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Abstract

Archaeological excavations at Unguja Ukuu recovered a rock crystal cabochon seal with the word lillāh (“for God”) inscribed in the Kufic script on its domed surface. The artifact is an intaglio amulet seal engraved in the negative. Microscopic examination of the seal surfaces reveals that a rotary tool was used to make the initial inscription. At some later point, a diagonal spall was removed across part of the inscription. The diagonal spall appears to be along a natural crystal plane. It is impossible to determine if this was the result of intentional defacement or an accidental process that might have resulted in the eventual deposition of the seal. Strata dated by radiometric and relative methods coupled with the style of the Kufic script date the seal to the late-8th to 9th centuries CE. This artifact is the earliest known example of an Islamic amulet seal and of writing in the Zanzibar Archipelago.

In: Journal of African Archaeology

Abstract

The recent discovery of Nile crocodile remains in the mortuary complexes of two high-ranking courtiers of Nebhepetra Mentuhotep II, located in the early Middle Kingdom necropolis in the valley of North Asasif, opened the way to an exploration of the role of reptile remains in funerary contexts. The skeletal remains, which were not mummified, consisted of fragments of the skull and mandible, loose teeth, and osteoderms. This paper explores the association that may have existed between the deceased and the crocodile god Sobek, whom the ancient Egyptians identified with pharaonic power, inundation and fertility. From the Middle Kingdom, Sobek, who was believed to have risen from the Primeval Waters, was merged with the sun-god Ra, and in the solar form of Sobek-Ra was made part of the eternal journey of the sun from the east to the west. This association was also reflected in the Spells of the Coffin Texts, in which the deceased became Sobek.

In: Journal of African Archaeology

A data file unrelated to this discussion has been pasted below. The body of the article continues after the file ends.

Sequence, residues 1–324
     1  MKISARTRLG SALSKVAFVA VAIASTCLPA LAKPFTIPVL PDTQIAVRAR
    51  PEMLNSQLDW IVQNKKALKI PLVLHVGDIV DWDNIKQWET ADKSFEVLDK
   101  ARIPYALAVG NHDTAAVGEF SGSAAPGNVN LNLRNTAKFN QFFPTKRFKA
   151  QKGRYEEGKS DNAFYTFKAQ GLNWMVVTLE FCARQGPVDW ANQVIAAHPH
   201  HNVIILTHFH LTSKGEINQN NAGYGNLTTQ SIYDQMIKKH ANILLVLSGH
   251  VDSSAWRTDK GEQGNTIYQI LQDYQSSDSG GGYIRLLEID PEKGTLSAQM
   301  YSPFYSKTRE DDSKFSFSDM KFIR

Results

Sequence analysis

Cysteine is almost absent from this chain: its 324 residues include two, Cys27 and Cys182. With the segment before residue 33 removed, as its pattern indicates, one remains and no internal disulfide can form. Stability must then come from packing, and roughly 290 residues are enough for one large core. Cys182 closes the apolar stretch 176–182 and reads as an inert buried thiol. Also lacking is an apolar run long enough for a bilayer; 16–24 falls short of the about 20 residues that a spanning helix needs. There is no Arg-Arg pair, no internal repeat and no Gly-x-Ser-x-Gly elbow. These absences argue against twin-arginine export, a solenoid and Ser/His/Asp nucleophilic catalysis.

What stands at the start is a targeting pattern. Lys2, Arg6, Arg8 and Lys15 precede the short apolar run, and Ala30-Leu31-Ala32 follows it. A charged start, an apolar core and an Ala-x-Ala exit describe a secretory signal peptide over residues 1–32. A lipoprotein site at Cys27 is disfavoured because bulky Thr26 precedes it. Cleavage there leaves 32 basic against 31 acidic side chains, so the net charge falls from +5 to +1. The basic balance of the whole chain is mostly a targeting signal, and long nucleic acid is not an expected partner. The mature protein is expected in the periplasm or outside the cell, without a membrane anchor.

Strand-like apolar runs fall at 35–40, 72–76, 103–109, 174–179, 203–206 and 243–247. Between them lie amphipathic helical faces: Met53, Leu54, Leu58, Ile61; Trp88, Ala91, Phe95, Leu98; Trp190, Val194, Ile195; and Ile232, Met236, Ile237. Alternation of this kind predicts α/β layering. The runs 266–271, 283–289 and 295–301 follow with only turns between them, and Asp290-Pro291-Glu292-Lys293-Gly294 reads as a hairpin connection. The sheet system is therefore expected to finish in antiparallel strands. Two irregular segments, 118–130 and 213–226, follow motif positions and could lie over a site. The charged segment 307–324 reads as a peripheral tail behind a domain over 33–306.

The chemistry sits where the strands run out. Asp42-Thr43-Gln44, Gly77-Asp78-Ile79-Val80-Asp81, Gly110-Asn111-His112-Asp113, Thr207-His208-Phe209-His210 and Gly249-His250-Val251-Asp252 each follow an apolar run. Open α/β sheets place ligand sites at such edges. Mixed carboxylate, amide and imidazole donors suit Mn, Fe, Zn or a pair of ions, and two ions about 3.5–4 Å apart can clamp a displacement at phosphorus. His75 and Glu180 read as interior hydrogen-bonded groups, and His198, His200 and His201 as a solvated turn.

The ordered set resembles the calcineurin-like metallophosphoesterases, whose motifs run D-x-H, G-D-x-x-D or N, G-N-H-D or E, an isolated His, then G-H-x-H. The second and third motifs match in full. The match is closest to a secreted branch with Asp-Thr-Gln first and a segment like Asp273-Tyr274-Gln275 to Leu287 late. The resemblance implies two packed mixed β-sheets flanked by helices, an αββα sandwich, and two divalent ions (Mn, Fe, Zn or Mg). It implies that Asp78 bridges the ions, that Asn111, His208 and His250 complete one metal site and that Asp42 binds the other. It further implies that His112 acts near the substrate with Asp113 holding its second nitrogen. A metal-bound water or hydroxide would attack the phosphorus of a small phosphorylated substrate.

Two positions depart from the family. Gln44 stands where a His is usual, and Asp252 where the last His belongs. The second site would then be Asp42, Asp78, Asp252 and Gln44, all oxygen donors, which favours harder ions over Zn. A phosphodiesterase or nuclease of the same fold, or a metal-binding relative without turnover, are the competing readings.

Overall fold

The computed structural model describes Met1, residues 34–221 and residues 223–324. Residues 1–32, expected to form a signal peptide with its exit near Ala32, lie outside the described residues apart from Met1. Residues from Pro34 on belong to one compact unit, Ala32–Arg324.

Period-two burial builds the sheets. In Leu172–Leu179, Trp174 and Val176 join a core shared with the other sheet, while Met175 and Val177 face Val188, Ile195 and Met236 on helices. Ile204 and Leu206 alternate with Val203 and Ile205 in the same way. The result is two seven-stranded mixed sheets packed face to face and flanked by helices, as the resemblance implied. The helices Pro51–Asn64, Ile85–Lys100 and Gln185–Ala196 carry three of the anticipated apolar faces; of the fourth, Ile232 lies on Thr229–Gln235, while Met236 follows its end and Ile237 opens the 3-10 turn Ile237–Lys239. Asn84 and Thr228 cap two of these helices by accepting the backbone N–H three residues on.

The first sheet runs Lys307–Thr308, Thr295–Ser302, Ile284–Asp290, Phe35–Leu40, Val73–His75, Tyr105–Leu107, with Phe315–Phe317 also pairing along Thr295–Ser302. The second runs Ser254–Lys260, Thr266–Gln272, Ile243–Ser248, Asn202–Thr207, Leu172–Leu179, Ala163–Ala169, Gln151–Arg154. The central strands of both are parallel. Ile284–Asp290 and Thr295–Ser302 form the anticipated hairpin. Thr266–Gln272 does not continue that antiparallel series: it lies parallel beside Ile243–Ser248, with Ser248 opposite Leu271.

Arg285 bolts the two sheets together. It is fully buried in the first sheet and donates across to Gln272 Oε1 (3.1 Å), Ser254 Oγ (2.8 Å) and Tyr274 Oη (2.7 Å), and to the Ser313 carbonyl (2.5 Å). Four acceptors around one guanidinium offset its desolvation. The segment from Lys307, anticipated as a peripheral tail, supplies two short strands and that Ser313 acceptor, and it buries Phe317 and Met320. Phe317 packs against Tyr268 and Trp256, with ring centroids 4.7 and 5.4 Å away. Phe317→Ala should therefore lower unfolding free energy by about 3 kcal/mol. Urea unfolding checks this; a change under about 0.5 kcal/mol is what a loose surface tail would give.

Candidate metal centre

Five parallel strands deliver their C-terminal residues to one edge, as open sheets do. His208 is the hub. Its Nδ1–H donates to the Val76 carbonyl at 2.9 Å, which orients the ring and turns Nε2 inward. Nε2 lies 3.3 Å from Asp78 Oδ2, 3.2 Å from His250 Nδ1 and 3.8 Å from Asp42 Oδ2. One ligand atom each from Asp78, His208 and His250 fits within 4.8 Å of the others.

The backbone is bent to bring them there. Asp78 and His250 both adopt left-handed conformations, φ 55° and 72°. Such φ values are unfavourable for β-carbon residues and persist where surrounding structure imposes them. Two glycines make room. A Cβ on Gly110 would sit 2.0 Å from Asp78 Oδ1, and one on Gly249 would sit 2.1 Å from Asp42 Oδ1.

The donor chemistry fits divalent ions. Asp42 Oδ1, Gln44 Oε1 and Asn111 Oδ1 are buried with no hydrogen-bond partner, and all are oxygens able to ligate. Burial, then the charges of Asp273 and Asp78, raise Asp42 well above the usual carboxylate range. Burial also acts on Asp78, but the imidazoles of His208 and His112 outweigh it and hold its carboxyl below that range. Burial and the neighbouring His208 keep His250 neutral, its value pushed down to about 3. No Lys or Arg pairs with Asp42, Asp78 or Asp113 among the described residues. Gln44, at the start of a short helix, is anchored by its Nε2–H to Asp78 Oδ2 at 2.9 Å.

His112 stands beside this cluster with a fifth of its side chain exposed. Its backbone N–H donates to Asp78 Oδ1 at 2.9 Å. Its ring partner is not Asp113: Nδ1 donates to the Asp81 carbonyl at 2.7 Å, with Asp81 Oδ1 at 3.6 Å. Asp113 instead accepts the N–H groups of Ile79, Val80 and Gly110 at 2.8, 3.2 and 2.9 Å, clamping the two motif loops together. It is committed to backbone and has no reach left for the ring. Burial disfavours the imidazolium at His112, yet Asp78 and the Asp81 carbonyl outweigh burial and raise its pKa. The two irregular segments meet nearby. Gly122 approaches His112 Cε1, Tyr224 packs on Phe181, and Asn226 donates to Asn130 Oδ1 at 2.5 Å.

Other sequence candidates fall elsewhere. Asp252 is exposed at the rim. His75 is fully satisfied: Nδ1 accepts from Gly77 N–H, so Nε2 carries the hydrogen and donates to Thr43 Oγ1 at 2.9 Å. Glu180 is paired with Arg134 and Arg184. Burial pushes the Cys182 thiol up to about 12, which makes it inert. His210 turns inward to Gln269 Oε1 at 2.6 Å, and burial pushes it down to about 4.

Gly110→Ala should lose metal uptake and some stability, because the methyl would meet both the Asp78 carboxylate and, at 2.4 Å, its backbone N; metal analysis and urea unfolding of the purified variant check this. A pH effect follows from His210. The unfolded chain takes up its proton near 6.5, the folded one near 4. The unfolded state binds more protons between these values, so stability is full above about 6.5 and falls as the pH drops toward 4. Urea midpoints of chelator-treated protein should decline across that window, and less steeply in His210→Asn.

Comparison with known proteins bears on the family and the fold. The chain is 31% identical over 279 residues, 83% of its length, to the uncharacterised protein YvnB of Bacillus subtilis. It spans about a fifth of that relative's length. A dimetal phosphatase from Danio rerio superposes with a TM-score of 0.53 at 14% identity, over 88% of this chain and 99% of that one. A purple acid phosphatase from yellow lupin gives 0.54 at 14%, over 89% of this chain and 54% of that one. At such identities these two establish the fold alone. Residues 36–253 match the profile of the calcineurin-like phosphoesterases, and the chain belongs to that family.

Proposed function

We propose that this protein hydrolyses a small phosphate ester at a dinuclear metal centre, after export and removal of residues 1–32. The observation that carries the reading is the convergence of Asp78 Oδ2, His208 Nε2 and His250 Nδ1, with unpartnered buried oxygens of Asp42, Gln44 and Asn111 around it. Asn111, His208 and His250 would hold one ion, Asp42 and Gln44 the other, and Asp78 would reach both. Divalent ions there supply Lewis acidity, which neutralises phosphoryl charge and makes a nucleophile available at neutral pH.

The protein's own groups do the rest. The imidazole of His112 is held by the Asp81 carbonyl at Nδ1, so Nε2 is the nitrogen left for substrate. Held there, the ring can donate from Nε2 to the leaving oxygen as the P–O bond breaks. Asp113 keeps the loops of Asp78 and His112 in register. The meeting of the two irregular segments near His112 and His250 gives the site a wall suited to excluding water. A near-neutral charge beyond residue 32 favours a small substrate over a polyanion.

Author: Brian M. Fagan

Abstract

This brief report describes the animal bones from the first millennium BC discovered during Graham Connah’s excavations at Daima Mound in northeastern Nigeria in 1965–66. The faunal research was completed by the author in 1973, but, owing to various circumstances, it has not been possible to publish the report until now. Eighty percent of the 657 positively identified bones come from domestic cattle, probably a small-statured breed. They were mostly slaughtered while young adults, which suggests they were surplus males. Small stock, probably goats, and also hunting were less important. The inhabitants consumed shallow water fish, mainly Clariidae (catfish), easily trapped in shallow pools. The small Daima collection confirms faunal data from other Lake Chad sites, which show that cattle herding was an important activity during the first millennium BC.

In: Journal of African Archaeology
In: The Oasis of Bukhara, Volume 2: An Archaeological, Sociological and Historical Study
In: The Oasis of Bukhara, Volume 2: An Archaeological, Sociological and Historical Study
In: The Oasis of Bukhara, Volume 2: An Archaeological, Sociological and Historical Study

Abstract

Kansyore pottery-using groups of the northeastern Lake Victoria Basin represent one of only a few examples of ‘complex’ hunter-gatherers in Africa. Archaeologists link evidence of specialized fishing, a seasonal land-use cycle between lake and riverine sites, and intensive investment in ceramic production to behavioral complexity after 9 thousand years ago (ka). However, a gap in the Kansyore radiocarbon record of the region between ~7 and 4.4 cal ka limits explanations of when and why social and economic changes occurred. This study provides the first evidence of lakeshore occupation during this temporal break at the only well-studied Kansyore site in eastern Uganda, Namundiri A. Within the context of other sites in nearby western Kenya, radiometric and faunal data from the site indicate a move from the lake to a greater reliance on riverine habitats with middle Holocene aridity ~5–4 cal ka and the arrival of food producers to the region after ~3 cal ka.

Open Access
In: Journal of African Archaeology

Abstract

Ile-Ife in southwestern Nigeria is rich in art and craft traditions, most especially iron smelting. The town hosts hundreds of smelting sites with little or no archaeological record. Archaeo-geophysical prospection of a suspected smelting site in Ile-Ife involved the magnetic and electrical resistivity geophysical methods and archaeological excavation with the aim to identify its buried artefacts/features and date the site. The geophysical investigations located a circular/oval-shaped dipolar magnetic anomaly that coincided with a high resistivity zone, typical of a heat-impacted furnace or a slag trench. Iron slag, tuyere, fired clay furnace fragments, and charcoal were recovered from the pits excavated at the locations of the geophysical anomalies. Smelting activity at the site, from dated charcoal, took place at some point between the 13th-15th centuries AD, a middle to late age in Africa’s history of iron smelting. This study, therefore, validated the examined site as an ancient iron smelting site and situated its place in the archaeological history of iron smelting.

In: Journal of African Archaeology